A New Roadmap for Britain
12 leading artists/directors
12 critical issues
12X10 minute vision/essay films
Release in 2019/2020.
Short films released separately and as a 100m feature film
Generosity to the Future: 12 for 2020 – and beyond
Specifically, this project aims to build on the issues long kept off the mainstream news and political agenda but raised through the Corbyn / McDonnell leadership of the Labour Party and which comes as we plan to leave Europe.
We share their belief that there is a deeper approach to very many issues that the general public need to know much more about in order to better and more fully appreciate what the past 40 years policy-making has been about – the advancement of a set of neoliberal policies (or capitalism with gloves taken off as some describe it).
We want to raise this debate by using the profile of leading artists and directors to both help engage a wider public as well as the media. At the heart of these films will be a common thread – the failure of the ‘neoliberal’ project that has served to enrich a small, global elite while creating ever greater inequality.
… neoliberalism is a busted system. It does not work; it threatens global stagnation; consent for it is eroded; it is generating acute geopolitical fragmentation and — at home-the fragmentation of two-party politics.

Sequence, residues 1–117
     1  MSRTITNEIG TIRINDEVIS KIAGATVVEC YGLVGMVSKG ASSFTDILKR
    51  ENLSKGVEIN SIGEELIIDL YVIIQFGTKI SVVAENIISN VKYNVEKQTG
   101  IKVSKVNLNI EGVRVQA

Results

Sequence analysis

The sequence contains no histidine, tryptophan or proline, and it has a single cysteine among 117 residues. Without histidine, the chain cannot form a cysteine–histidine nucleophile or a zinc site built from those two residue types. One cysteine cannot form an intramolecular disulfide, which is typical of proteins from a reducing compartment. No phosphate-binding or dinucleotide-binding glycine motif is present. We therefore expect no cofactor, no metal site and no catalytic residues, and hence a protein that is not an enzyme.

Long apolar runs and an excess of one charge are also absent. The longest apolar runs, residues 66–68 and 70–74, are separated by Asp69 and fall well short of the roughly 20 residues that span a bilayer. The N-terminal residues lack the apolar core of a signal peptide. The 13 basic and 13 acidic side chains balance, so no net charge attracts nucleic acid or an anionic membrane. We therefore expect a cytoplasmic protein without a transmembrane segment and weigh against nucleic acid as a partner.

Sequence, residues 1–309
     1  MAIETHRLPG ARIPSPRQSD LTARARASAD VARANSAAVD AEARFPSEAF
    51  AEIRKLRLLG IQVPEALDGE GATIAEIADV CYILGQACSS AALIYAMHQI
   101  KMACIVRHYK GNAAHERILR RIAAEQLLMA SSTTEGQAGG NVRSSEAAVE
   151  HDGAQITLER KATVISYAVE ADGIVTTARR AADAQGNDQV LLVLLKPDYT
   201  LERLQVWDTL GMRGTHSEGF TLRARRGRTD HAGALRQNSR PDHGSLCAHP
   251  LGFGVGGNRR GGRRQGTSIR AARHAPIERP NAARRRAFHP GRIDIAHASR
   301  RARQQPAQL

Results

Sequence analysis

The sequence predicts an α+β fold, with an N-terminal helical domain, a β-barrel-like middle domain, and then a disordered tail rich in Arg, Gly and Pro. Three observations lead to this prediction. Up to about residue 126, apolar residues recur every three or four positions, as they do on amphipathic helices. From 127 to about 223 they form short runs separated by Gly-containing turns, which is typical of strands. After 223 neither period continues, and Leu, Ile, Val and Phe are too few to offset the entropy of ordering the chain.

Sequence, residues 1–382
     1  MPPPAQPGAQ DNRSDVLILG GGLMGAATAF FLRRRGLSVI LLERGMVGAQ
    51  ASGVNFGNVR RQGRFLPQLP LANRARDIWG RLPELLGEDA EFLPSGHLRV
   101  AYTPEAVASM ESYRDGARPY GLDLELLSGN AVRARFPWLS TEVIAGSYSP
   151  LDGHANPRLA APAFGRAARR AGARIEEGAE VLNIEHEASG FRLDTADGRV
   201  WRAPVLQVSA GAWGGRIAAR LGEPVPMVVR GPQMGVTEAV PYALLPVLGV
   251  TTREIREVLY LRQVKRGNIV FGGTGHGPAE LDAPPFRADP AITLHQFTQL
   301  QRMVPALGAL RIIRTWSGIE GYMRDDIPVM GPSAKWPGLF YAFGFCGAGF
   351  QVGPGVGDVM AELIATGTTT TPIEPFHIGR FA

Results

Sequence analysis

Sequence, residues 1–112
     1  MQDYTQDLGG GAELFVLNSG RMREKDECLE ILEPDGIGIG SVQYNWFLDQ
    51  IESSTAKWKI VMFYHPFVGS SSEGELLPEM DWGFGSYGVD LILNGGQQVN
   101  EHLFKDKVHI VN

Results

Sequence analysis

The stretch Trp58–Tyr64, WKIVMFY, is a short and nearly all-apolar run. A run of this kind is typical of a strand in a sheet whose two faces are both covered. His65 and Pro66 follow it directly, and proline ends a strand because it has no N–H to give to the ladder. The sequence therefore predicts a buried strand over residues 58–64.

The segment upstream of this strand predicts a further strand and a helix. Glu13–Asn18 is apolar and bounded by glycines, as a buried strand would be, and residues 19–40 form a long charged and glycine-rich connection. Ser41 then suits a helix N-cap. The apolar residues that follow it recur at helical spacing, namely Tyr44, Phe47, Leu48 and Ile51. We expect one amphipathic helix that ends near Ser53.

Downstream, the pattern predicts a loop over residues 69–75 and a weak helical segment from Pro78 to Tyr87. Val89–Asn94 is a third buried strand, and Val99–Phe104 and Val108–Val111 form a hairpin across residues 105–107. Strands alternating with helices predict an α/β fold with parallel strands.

But Corbyn is the only mainstream politician who has openly rejected neoliberalism. For all IMF’s admission that neoliberalism is flawed; for all the frantic calls by mainstream thinkers like the FT’s Martin Wolf to “reform capitalism” — nobody close to power in Britain actually proposes to break with the economic model of the past 30 years except Corbyn and his shadow chancellor McDonnell.
They have been right on the futility and injustice of the welfare cap; right on the unachievability of Osborne’s fiscal targets; right on the need for massive infrastructure spending; right on the need for a German-style investment bank; right on the need to abandon austerity in the post-Brexit situation — and they will go on being right because Conservative economic policy is now in improvisation mode.
Paul Mason, July 2016